Religion, just like many other things can be used in a malignant way to justifyPersonal needs. Old people dying in nursing homes staffed by sisters and girl children taught by corrupt priests occasion the efforts of the commissario.

    15. Dokusha

      Ich mag Brunetti und Co. Die Fälle sind nicht immer unbedingt spektakulär, aber das sind sie im echten Leben schließlich auch nicht. Und man hat immer das Gefühl, es wirklich mit echten Menschen zu tun zu haben. Brunetti hat eine normale Familie mit guten und schlechten Momenten und den üblichen Problemen. Es menschelt halt, und das auf eine angenehme Art. Auch die eigentlichen Fälle laufen eher ruhig ab und betonen den menschlichen Aspekt. Nur das Ende war ein wenig enttäusvhend. Nicht s [...]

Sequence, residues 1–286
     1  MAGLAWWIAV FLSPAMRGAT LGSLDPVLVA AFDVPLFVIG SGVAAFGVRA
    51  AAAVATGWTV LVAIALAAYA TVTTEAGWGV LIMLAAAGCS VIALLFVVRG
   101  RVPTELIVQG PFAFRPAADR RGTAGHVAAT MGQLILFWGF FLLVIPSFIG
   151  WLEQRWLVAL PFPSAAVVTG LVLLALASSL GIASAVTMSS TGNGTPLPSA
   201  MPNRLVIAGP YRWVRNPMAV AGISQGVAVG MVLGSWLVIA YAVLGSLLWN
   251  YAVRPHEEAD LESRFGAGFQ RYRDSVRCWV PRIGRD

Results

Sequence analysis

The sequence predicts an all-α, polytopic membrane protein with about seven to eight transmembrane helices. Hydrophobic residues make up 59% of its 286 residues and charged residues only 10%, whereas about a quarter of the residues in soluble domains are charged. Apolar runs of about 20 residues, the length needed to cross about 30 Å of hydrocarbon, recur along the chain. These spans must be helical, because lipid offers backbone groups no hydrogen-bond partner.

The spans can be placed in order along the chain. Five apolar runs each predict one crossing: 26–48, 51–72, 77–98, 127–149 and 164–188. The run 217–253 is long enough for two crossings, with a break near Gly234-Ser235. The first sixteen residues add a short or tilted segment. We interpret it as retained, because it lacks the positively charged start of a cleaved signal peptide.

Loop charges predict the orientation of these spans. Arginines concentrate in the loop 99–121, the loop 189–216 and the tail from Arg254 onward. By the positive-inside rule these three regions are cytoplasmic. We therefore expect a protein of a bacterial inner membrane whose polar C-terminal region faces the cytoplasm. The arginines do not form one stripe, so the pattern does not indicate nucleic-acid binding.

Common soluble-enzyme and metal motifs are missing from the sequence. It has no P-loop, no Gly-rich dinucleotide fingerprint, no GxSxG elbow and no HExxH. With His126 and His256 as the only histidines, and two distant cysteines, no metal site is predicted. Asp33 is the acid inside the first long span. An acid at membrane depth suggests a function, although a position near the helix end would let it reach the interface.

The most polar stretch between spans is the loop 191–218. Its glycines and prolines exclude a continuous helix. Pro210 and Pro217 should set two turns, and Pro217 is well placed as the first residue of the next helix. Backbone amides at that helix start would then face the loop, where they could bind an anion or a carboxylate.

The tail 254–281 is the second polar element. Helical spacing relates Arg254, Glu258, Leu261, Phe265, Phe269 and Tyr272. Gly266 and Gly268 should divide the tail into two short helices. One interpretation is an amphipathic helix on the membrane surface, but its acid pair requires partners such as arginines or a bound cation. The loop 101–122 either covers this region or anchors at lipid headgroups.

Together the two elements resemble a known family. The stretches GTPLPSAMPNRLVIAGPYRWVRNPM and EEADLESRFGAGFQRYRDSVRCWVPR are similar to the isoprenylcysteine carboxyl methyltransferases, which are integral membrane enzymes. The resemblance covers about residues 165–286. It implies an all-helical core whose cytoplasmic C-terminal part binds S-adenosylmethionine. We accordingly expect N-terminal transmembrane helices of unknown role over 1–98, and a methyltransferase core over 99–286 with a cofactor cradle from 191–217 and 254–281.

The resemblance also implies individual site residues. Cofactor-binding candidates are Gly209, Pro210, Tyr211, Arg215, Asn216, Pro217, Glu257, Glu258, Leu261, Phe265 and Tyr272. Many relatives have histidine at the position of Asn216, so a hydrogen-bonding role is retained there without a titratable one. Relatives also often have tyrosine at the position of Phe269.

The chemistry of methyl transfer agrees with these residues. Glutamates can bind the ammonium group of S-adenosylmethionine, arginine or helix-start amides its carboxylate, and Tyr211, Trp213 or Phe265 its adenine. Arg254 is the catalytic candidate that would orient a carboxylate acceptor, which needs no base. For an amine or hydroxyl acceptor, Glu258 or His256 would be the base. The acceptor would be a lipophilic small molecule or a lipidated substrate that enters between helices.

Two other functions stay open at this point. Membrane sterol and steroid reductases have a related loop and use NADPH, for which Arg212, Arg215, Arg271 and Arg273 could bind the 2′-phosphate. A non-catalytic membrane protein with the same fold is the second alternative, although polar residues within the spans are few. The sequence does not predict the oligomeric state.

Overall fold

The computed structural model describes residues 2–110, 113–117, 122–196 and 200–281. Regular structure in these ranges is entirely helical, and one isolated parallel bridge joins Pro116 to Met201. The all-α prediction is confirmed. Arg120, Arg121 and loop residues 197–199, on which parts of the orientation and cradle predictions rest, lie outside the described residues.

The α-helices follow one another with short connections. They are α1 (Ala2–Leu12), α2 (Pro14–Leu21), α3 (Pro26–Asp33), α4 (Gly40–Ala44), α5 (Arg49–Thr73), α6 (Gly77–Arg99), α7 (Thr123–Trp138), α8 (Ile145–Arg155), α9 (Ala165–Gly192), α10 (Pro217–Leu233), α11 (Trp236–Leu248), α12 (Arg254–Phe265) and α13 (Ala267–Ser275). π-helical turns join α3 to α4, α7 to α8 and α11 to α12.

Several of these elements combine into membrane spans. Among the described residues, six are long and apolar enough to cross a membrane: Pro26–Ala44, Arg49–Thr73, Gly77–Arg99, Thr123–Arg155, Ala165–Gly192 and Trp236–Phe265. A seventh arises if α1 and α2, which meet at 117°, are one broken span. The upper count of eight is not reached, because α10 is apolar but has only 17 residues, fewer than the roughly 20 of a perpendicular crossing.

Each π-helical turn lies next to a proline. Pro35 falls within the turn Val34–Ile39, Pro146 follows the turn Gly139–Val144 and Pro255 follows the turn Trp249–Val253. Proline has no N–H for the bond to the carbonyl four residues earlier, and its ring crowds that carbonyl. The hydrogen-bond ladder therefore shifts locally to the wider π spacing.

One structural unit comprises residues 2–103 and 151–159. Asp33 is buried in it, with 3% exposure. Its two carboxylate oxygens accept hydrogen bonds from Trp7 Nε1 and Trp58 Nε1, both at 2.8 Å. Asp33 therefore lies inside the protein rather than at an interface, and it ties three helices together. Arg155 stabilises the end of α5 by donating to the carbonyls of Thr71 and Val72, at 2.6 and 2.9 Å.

16. Joyce Lagow

      6th in the Commisario Brunetti series set in Venice, Italy.[return][return]Maria Testa--the former Suor Immaculata who Brunetti recognizes as one of the aides in the nursing home in which his Alzheimer s-afflicted mother resides--appears in his office one morning, deeply disturbed by what she feels is an unusual number of deaths in another nursing home to which she has been recently assigned. She does not have any real proof--just the instinctive conviction that some of these people should not h [...]

    17. Bill

      I have enjoyed every one of Donna Leon's Inspector Brunetti mysteries. Quietly in Their Sleep is the 5th book in the series and was as entertaining as all of the others. A nun, who looked after Brunetti's mother in a home, comes to see Brunetti. She has left her Order and tells Brunetti that she suspects that people in an old age home are being killed for their inheritance. She has little evidence but Brunetti starts to investigate. The ex-nun is hit by a car and remains in a coma at a local hos [...]